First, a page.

Richard Fossey, of Baton Rouge, tells of another view of a fearsome reptile:
"Several years ago, I traveled to East Africa for my university, and took a boat trip up the Nile River to see the headwaters.
"As we were chugging along, I saw a group of crocodiles sunning themselves on the riverbank.
"My guide pointed out that the crocs were all the same size. Crocodiles are cannibals, he said, and the big ones will eat the little ones, even their own young.
"I told the guide I was from Louisiana, where we have alligators. I ventured that alligators were probably as dangerous as crocodiles.
"But my guide didn't buy it. 'Compared to a crocodile,' he said authoritatively, 'an alligator is a Presbyterian.'"
P.J. Bourgeois, of Opelousas, tells of travel in the past:
"When I was a young boy, 75 years ago, my great-aunt told me when she was a young girl they traveled by horse and carriage from Opelousas to Washington, boarded a steamboat and went down Bayou Courtableau to Bayou Teche, then the Atchafalaya River and Bayou Plaquemine to the Mississippi River.
"They went down the Mississippi to New Orleans, where they spent about a week in a hotel and heard several operas at the Old French Opera House. (This was before it burned down in 1919.)
"They returned to Opelousas by the same route, in reverse.
"Talk about loving music!"
Remaining in the past, Cookie Pecquet, of Metairie, says, "Back in the '50s we had the 'party line' telephone system, where two or three families in the neighborhood shared the line.
"If you were very quiet when you picked up the receiver, you could hear some good gossip about the neighbors (until your mother saw you eavesdropping).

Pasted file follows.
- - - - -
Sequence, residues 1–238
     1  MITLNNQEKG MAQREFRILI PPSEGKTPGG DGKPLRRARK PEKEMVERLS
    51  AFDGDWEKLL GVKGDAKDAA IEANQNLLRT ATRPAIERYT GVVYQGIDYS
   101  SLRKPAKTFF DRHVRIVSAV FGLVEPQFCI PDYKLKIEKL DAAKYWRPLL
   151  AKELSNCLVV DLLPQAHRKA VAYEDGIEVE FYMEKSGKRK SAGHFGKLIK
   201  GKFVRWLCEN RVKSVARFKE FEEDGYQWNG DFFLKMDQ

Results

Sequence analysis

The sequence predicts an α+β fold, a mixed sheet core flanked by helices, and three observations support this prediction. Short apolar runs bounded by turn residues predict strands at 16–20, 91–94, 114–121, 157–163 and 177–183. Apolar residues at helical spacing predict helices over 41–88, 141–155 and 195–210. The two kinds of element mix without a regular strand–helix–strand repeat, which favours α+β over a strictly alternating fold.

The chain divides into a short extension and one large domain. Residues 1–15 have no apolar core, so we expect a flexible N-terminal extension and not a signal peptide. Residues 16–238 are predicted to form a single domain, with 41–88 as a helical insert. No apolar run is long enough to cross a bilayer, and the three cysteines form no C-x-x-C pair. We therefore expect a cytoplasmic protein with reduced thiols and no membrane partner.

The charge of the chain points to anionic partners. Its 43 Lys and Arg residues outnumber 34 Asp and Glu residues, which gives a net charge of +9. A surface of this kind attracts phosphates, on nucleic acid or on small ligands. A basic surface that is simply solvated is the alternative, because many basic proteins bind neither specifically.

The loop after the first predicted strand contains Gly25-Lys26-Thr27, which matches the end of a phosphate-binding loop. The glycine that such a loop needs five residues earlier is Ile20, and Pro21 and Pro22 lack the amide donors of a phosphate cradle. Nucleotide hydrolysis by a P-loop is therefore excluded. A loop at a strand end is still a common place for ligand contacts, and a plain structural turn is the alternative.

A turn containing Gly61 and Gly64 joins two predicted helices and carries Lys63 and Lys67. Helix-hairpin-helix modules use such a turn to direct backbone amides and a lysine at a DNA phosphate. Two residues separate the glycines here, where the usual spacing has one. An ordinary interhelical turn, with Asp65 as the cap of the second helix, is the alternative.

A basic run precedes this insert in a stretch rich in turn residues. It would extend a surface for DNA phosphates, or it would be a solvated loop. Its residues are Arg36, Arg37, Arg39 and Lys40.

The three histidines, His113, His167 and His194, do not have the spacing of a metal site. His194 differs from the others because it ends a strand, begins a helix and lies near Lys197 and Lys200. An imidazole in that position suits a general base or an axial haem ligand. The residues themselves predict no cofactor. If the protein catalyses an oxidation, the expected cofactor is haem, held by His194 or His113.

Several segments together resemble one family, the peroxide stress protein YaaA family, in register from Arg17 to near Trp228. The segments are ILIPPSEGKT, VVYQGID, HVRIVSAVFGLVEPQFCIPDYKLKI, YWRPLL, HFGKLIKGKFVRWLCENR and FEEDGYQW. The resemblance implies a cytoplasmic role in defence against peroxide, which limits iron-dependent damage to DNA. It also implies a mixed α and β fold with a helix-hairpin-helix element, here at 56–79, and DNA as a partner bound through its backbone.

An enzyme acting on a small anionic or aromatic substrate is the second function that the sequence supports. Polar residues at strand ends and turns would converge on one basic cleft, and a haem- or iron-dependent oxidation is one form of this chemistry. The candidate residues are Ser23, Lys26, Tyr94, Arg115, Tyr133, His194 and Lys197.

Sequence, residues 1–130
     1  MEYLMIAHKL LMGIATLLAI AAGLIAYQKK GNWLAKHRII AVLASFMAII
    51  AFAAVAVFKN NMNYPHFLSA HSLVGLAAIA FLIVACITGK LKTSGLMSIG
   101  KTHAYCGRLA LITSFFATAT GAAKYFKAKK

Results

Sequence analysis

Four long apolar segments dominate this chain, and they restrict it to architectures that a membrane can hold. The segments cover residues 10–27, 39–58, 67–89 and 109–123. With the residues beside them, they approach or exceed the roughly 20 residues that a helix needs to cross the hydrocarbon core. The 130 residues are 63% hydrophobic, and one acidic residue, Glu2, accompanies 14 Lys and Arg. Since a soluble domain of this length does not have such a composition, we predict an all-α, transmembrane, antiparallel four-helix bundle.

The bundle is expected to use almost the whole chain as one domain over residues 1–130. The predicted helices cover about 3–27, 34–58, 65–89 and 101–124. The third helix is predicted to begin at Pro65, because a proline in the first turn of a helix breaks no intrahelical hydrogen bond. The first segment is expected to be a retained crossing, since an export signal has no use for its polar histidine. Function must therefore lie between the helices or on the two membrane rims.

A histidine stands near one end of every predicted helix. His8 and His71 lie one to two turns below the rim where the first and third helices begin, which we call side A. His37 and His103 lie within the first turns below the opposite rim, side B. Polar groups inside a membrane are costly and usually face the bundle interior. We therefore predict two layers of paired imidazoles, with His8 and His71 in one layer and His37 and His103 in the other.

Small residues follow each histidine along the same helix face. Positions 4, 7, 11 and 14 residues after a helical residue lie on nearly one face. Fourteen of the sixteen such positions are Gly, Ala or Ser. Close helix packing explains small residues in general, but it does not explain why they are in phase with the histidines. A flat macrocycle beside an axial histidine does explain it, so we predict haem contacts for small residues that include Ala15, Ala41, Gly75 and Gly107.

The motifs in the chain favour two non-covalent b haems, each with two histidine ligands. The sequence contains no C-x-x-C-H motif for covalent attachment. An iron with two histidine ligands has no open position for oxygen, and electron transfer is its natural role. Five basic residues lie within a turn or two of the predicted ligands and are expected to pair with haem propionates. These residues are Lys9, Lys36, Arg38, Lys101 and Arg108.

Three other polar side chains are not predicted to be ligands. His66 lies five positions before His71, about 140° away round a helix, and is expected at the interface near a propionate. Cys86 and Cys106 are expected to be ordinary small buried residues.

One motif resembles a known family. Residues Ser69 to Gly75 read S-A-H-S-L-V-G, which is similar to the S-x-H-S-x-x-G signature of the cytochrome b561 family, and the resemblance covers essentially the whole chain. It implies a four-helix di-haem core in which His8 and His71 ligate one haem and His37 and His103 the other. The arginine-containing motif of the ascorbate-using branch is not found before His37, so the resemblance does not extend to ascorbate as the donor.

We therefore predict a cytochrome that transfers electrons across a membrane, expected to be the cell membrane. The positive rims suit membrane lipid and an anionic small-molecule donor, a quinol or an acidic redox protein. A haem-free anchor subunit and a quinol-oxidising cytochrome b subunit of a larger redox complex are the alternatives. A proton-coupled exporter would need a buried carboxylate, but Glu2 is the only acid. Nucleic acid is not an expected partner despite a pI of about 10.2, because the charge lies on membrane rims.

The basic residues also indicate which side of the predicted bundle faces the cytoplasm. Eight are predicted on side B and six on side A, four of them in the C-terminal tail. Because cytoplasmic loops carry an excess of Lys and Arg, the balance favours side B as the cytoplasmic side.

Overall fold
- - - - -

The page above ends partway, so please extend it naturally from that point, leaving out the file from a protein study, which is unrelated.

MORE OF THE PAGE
"You could also get into the conversation if you were brave enough. So we had our own 'chatrooms …'"
Alex "Sonny" Chapman, of Ville Platte, evidently feels this column has not been silly enough lately.
So he's asking us to bring back our discussion of misheard song lyrics, which we ran a while back.
He reveals that as a 15-year-old, "Listening to Neil Diamond’s 'Solitary Man' I heard 'Me and Sue, the cockeyed two.'
I didn't have Google or Wikipedia to tell me Neil was really singing about two gals that had done him wrong — first Melinda and then 'Me and Sue, but that died too.'
"Being a teenage boy was a confusing time in my life."
Guys and cars
Norman Ferachi expands on my Monday story of the lady's Corvair whose rear-mounted engine dropped out while it was parked at her office:
"The Corvair was Prudence Landry's, who worked for the Jaycees in the Baton Rouge Chamber of Commerce building with us.
"Prudence remembers telling the guys her Corvair wouldn't start. They went out to look while joking about women and cars, opened the hood — and found there was no engine in the front!"
Rick Marshall cites some indicators that "folks may be creeping into my age group:
"Your entertainment choices have gone from live concerts and season tickets to grandkids and bird feeders.
"Your understanding of 'reality TV' is the History Channel.
"All the pretty girls call you 'Sir.'
"Your wardrobe is function over fashion.
"Driving at night is like 'The Running of the Bulls.'
"Your wife, God bless her, says, 'I love you anyway.'"
Groaner of the Week
From Harry Simon, of Eunice:
"Caller: 'My problem is, every time I make a sandwich, it turns out too dry.'
"Receptionist: 'I'm sorry, sir, that's not what we do here at the Mayo Clinic.'"
Damn if I know!
Ferd Guttierrez, of Lacombe, says, "About three weeks ago our 3-year-old 'miracle great-granddaughter' Rosalie (born 1 lb. 4 oz., now a little 40-pounder), was napping at Grammy's.
"When her dad and brother got in, Grammy walked Rosalie to her home across the drive.
"They could hear music and singing; Dad and Brother were inside singing karaoke.
"Rosalie stopped, and with a confused look on her face looked all around the yard. She then looked up at Grammy and asked, 'Who the hell's singing?'"